Joined: 26 Mar 2010
|Posted: Sat Apr 28, 2012 11:59 am Post subject: Constant Contact
|In Master Superchops Expanded Instructions, Jerry says
• “When playing from low C to double high C, the lower lip and wedge of your tongue must never pull back or drop downward!”, page 2.
• “…the wedge of the tongue must never release its full contact with your upper and lower lips.”, page 2.
• “Check yourself continuously: make sure the tongue wedge moves only the slightest amount when releasing the spit of air.”, page 2.
• “…make certain that the wedge of your tongue, apart from the tiny center tunnel, continuously contacts your upper lip and teeth. Do not allow any noticeable back and forth motion of the tongue. A failure here will be a failure to master Superchops.”, page 3.
A couple of days ago, I discovered that my tongue was leaving the top lip after most of my attacks and ALL of my sustained notes. Needless to say, after several months of diligent practice, my endurance had not improved. My sound, attacks, and volume all improved, but not my endurance and range.
The problem was sensation. I FELT that I was doing it right, but my sensations misled me. I think this is the biggest problem with learning anything new, especially something as physically technical as brass embouchure. How does a person KNOW that what he THINKS he’s doing is what he is ACTUALLY doing? Especially after decades of playing one way, it is difficult to even identify what it feels like to play another way. Specifically, I had never consciously curled my tongue as in MSC and attempted felt my upper lip while playing.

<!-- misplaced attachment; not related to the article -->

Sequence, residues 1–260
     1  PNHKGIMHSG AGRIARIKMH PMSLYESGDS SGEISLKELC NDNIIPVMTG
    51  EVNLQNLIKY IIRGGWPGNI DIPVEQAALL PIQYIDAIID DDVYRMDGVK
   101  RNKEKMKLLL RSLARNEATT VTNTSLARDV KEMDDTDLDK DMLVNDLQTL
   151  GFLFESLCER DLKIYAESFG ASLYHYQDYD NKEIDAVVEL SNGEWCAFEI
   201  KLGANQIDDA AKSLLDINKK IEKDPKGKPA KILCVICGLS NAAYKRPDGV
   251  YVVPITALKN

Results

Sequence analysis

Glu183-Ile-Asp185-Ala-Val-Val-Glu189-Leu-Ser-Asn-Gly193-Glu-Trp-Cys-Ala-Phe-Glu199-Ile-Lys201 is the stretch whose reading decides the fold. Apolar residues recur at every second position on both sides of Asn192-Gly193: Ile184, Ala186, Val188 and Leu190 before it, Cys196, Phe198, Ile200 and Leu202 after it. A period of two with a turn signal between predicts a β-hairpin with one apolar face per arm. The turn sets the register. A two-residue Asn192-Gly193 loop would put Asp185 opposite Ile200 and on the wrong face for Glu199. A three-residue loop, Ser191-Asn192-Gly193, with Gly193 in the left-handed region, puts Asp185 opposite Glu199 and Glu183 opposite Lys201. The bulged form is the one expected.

The last couple of days I tried to be more conscious of the position of my tongue while spit buzzing. This is when I discovered that I was pulling my tongue away from my top lip during sustained notes. I believe that I did this in an effort to get a bigger sound. WRONG. I knew intellectually that volume should be controlled by tongue to lip compression, but I was unconsciously trying to do it with more air. Spit buzzing allow me to identify this error.
Yesterday, as long as I could keep my tongue on my lips (except, of course, for the groove in the middle), I could just keep on playing. It really felt strong. Today, I was able to play 3 Clarke’s Characteristic Studies in a row. I can’t remember being able to do that before.
Now that I’ve identified the SENSATION of keeping the wedge on the lips, I’m looking forward to more progress.
I hope this helps someone.